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5 Ways to Prepare for an Allergy Emergency

Quick action will help if your child has a serious allergic reaction (anaphylaxis). It's a good idea to occasionally review the instructions your doctor gave you about treating allergic reactions and run through the steps you would take in an emergency.

Here's a checklist for any parent of a child with a serious allergy:

  1. If your doctor prescribed epinephrine auto injectors for emergencies, make sure two of them are always with your child or with an adult who is caring for your child — at school, at a birthday party, on vacation. Always have two epinephrine auto injectors with you, in case one doesn't work or you need a second dose. Talk with the school about where they store epinephrine auto injectors and how your child can get them quickly, if needed.
  2. Review the allergy action plan your doctor gave you and know the signs of an anaphylactic reaction — such as trouble breathing, rash, swelling, repeated vomiting, loss of consciousness, and wheezing — and be ready to act quickly. Use the epinephrine auto injector if your child has one severe symptom, such has trouble breathing, or two or more mild to severe symptoms, such as hives plus vomiting. Follow the instructions the doctor gave you. Teach your child and those who care for your child to do the same.
  3. Practice how to use the epinephrine auto injector often. Are there caps to remove or twist? Which end rests on the skin? Where on the body do you give the injection? How do you hold the injector? Ask for a demonstration at your doctor's office. Visit the manufacturer's website to get detailed instructions. Some manufacturers also may supply a trainer injector that has no epinephrine in it, so you can practice all the steps safely. As your child gets older, make sure they practice too.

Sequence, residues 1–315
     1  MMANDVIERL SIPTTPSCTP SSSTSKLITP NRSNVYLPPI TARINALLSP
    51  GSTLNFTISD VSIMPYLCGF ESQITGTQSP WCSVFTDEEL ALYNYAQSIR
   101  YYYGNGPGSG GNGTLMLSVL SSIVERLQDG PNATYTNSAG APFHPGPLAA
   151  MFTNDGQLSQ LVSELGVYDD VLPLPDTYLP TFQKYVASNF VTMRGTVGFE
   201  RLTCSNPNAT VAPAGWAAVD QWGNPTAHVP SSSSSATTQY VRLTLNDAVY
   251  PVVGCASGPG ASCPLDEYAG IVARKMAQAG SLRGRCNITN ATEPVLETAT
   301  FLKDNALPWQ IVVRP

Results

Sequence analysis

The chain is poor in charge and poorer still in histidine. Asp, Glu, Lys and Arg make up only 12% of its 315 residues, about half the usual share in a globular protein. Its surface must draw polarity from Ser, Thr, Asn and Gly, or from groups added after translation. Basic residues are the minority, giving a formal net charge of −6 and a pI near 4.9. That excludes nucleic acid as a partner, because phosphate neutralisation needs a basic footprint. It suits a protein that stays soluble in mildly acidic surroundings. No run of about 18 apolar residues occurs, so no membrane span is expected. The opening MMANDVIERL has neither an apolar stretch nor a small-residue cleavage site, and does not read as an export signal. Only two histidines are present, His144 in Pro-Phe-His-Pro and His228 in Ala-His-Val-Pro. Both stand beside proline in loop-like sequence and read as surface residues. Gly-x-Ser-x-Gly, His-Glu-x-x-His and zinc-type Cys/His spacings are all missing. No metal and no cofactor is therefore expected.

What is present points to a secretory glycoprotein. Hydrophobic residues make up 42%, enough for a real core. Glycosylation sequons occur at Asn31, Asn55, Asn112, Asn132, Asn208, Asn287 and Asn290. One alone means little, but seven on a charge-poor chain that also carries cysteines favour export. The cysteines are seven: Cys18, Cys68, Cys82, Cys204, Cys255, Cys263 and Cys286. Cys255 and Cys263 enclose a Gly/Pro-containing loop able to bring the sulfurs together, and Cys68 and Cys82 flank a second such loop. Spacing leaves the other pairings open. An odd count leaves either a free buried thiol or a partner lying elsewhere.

4. If your child has a serious reaction, use the auto injector right away. Have someone call 911 while you give the injection. If no one else is with you and your child, give the injection first and then call 911 to take your child to the nearest emergency room. Take the used epinephrine injector to the hospital with you. During an anaphylactic reaction, your child may have a second wave of symptoms and may need a second dose of epinephrine. Always have 2 epinephrine auto injectors available at all times. Remember that antihistamines do not treat life-threatening symptoms and are not a replacement for epinephrine.
  5. Store the auto injectors according to the manufacturer's directions. Don't leave them in the car or anywhere else where they might get too hot or too cold; temperature can affect how well epinephrine works. Always know when your epinephrine auto injectors expire and get new ones before they do.

Reviewed by: Hillary B. Gordon, MD
Date Reviewed: Nov 1, 2021

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